Uh Oh – Securitization Trustees in the Crosshairs in Mortgage Mess

Securitization Trustees in the Crosshairs in Mortgage Mess

by Yves Smith

Tom Adams pointed to an article in American Banker by Kate Berry which discusses how mortgage securitization trustees are increasingly coming under scrutiny in the foreclosure crisis. By way of background, the trustee is the party responsible for securing the assets (the borrower promissory IOUs, liens, and various other documents related to the securitization). The trustee in theory is also responsible for overseeing the servicer. In practice, the trustee does very little, and the pooling and servicing agreement has all sorts of carveouts and indemnifications with the intent of severely limiting (cynics might say eliminating) any risk trustees might have by virtue of their supposed supervisory role.

The biggest mortgage securitization trustees are Bank of New York, Deutsche Bank, Wells Fargo, and US Bank.

The interesting thing about the American Banker article is that the trustees appear to be in a great deal of denial as to how much hot water they are in. No where does the story mention their biggest exposure: that they gave multiple certifications to the investors in the mortgage securtizations that they did indeed have the trust assets. If, as it now appears to be the case, that many mortgage loans were not properly conveyed to the trust (as in endorsed by the originator and all the intermediary parties specified in the contract governing the deal, the pooling and servicing agreement, and finally over to the trust), then all those certifictions were patently untrue. Since investors relied upon these certifications (no one in their right mind would have ponied up for these deals if they had had any doubt that the trust owned the mortgage loans) and the failure to convey the notes is a big cause of problems with foreclosures, it would seem that the trustees are very logical targets for investor litigation.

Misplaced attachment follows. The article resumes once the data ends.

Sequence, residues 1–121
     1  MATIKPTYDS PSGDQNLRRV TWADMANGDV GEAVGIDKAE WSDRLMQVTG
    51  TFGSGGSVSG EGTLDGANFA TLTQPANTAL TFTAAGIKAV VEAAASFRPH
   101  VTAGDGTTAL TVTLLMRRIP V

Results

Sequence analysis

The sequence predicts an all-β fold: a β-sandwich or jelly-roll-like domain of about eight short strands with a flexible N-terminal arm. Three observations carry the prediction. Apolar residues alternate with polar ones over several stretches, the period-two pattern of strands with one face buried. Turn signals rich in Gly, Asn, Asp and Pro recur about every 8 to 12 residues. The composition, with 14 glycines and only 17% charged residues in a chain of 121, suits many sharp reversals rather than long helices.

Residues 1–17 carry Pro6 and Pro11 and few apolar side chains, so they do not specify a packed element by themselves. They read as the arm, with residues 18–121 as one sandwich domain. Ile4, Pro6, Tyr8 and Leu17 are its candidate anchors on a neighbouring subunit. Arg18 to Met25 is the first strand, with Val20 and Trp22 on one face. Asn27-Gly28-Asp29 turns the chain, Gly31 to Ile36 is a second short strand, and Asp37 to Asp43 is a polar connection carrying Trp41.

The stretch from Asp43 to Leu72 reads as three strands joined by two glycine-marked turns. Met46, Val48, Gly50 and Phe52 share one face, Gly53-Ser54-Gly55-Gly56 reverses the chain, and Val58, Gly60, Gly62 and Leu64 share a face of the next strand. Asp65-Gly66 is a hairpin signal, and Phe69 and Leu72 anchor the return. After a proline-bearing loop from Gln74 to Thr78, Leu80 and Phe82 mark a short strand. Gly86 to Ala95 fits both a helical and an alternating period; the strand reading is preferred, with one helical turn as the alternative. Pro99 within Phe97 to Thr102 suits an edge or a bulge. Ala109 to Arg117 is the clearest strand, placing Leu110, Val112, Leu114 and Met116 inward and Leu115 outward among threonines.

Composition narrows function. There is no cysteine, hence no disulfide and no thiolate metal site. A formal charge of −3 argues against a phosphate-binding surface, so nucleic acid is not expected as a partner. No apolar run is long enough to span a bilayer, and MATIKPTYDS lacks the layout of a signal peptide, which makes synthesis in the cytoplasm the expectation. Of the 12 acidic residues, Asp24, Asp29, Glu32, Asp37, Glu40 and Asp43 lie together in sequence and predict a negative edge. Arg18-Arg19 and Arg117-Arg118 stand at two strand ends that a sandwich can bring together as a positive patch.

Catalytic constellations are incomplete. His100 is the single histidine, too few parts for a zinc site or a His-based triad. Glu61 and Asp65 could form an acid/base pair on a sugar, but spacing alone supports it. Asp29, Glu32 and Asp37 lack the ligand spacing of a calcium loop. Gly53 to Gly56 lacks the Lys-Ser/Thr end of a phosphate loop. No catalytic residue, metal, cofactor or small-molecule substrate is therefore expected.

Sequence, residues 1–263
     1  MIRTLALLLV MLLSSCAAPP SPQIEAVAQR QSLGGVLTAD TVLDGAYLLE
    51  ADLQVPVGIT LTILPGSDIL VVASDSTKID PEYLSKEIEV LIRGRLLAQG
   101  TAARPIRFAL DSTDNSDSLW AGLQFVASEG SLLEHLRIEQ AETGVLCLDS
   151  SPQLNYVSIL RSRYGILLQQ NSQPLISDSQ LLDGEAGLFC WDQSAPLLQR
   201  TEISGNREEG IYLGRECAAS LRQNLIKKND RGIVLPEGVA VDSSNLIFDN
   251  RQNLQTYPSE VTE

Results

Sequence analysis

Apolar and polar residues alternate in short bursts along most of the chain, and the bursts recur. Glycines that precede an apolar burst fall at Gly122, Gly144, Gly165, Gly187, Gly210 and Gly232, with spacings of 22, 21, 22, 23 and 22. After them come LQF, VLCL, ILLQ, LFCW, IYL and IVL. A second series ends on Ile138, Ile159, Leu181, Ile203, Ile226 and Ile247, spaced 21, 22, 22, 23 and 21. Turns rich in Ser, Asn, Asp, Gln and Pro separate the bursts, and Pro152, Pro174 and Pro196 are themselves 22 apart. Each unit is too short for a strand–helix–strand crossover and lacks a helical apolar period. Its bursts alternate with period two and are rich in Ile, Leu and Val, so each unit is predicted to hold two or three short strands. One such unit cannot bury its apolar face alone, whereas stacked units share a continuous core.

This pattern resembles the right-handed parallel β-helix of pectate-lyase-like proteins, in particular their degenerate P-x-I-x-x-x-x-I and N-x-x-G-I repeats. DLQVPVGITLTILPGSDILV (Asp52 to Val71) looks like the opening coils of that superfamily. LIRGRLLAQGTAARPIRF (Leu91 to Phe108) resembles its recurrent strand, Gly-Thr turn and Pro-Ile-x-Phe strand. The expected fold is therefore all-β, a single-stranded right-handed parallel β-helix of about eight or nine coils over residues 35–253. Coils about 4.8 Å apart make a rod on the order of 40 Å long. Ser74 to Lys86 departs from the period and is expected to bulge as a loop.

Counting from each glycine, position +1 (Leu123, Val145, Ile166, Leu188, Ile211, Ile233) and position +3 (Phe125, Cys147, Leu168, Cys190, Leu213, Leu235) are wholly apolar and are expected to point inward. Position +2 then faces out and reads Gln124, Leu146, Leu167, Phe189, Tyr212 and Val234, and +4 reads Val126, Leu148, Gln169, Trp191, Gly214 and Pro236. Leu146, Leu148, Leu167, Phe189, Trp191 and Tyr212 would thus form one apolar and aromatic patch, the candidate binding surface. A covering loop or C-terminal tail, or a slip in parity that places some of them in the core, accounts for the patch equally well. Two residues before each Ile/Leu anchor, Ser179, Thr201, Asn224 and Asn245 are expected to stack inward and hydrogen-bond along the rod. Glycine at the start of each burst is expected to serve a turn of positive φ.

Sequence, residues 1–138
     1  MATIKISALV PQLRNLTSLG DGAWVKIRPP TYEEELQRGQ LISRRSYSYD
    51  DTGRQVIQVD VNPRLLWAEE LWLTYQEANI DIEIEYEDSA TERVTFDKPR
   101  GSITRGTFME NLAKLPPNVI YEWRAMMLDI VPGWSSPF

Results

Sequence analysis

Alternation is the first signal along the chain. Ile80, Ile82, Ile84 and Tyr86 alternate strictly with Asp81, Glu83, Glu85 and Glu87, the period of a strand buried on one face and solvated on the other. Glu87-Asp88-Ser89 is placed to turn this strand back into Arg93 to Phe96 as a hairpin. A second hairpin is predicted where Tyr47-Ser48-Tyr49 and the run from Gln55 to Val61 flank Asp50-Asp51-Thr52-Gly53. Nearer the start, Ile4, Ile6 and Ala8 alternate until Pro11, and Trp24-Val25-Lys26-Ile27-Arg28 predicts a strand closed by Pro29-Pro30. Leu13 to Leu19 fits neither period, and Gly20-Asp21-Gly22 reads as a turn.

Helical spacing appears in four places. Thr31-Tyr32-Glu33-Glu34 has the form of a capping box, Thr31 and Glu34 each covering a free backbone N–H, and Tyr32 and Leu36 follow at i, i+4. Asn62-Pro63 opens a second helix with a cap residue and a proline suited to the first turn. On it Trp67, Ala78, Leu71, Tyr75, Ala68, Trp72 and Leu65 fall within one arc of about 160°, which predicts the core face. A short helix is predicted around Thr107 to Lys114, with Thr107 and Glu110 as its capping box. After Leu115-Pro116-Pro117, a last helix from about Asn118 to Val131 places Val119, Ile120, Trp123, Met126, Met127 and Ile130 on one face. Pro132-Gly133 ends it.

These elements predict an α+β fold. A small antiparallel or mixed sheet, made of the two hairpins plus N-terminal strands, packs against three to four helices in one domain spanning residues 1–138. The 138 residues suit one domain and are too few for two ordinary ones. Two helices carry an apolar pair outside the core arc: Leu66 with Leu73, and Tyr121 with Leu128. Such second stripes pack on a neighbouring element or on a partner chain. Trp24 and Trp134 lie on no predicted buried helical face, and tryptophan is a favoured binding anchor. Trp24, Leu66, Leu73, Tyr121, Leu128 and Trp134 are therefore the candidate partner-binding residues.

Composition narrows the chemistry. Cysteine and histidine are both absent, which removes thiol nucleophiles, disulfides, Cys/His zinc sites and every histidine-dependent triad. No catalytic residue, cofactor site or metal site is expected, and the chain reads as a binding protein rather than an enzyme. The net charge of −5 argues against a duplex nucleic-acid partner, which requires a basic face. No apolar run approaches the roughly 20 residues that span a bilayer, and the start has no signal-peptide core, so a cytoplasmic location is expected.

Let’s begin with a meaty section of the American Banker story (sadly, no online version):

Deutsche Bank AG, the second-largest trustee of asset-backed securities in the U.S. according to Thomson Reuters, recently demanded that the servicers of its deals indemnify the German bank, and the investors it represents, against any “liability, loss, cost and expense of any kind” from “alleged foreclosure deficiencies or from any other alleged acts or omissions of the servicer.”

The Financial Crisis Inquiry Commission is also investigating trustees’ role in the foreclosure mess, according to several people with knowledge of the body’s work. The commission, which was created last year and has held a number of hearings, has no real teeth, but it plans to issue a report Dec. 15 on its findings about the causes of the financial crisis. The report is expected to include some discussion of trustees in securitizations, the people said.

In an Oct. 8 letter, Deutsche cautioned the major mortgage servicers that had halted foreclosures to examine their processes — including Ally Financial Inc. and JPMorgan Chase & Co. — of the need to ensure ownership of loans was properly transferred to trusts when securitizations were formed.

Deutsche Bank told the servicers to “comply with all applicable laws relating to foreclosures,” and requested additional information about alleged loan defects and any actions taken by servicers to fix them.

Thomas Hiner, a partner at Hunton & Williams LLP, said Deutsche Bank, which forwarded the servicer warning to investors on Oct. 25, was trying to appear proactive. “They are attempting to show a good face to the bondholders, that they are in front of the issue and they’re telling the servicers to comply with the law and the documents,” Hiner said.

He also said Deutsche bank was trying “to disclaim responsibility for” servicers’ paperwork blunders.

“Proactive”? This is comical. It appears that Deutsche is trying awfully hard to shift blame to servicers for its own failures. And a misleading letter to investors looks to be a device to get them off Deutshe’s trail.

This is the section, if Thompson Reuters has recounted it correctly, that is dishonest: